Meanwhile, in Basildon, NYSE Euronext has a microwave platform on the roof of its European Liquidity Centre which is currently being extended to cope with demand."Customers install their microwave equipment on the roof platform, and we then cross-connect them," said Tariq Rashid, managing director of European colocation at NYSE Euronext. "Firms using this service are member firms, buy-side and service vendors."
Rashid said the advent of microwave technology had presented a strategic choice for the exchange.
"Towards the end of last year we were approached by a number of microwave specialists who wanted to set up links in Europe connecting our liquidity centre in Basildon to other liquidity centres, primarily Frankfurt and other venues in London."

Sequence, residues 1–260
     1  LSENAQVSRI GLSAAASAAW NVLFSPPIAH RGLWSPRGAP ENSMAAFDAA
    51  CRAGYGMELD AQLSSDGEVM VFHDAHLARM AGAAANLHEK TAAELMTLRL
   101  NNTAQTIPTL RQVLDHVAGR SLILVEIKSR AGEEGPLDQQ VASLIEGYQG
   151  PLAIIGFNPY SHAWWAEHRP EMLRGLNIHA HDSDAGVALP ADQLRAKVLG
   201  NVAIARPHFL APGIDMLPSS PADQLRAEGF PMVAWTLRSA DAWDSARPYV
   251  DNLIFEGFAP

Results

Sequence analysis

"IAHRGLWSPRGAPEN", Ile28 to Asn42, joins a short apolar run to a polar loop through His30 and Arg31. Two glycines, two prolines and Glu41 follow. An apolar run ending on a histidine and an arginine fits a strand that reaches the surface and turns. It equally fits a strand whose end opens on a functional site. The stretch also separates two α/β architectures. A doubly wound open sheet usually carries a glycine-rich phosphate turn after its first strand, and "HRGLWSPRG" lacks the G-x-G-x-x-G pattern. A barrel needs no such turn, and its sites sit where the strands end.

"We had to decide whether to build our own microwave network, or whether to facilitate firms building their own microwave networks into the facility. We went for the latter after consultation with our customers," he said.
And what about a link between London and New York? That, as the saying goes, may just be a bridge too far. The lack of suitable sites for repeater towers in the ocean means that a long distance, transatlantic link is impossible with the current technology.
But that hardly means enterprising companies won't be scratching their heads over ways to cross the Atlantic even faster.
"The interesting thing is, what's next after microwave?" said Heflin of 7Ticks. "People are looking at how to enable technology through the air, or across the ocean, in a way that's cost effective. Microwave is certainly not the end of the low latency line. It's just another phase in the race to zero."